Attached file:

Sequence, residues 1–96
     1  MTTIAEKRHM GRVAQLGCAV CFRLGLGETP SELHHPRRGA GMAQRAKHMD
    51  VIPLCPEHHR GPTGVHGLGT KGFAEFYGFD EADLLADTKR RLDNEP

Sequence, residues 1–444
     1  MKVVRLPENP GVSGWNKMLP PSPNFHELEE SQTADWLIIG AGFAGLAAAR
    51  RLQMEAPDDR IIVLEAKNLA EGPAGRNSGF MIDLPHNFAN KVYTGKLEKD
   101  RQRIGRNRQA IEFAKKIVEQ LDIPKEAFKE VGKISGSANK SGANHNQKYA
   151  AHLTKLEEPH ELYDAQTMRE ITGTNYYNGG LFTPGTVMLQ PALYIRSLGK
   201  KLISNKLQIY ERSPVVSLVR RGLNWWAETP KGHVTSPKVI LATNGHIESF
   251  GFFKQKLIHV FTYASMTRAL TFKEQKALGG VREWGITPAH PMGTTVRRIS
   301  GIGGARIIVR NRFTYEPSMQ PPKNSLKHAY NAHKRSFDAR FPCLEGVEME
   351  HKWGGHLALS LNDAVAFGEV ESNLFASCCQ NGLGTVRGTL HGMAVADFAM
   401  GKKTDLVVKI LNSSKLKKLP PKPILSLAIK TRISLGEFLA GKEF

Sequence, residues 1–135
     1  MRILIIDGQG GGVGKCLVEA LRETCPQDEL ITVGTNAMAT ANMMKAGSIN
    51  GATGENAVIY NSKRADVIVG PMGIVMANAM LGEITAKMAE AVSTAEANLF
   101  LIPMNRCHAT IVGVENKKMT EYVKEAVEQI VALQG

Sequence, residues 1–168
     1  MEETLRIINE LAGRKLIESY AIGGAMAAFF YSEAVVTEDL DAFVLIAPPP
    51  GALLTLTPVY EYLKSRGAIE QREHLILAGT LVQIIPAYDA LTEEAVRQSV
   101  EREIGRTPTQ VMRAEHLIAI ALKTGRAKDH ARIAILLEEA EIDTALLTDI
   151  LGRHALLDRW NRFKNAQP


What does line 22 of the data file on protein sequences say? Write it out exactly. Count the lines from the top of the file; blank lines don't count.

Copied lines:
   151  LGRHALLDRW NRFKNAQP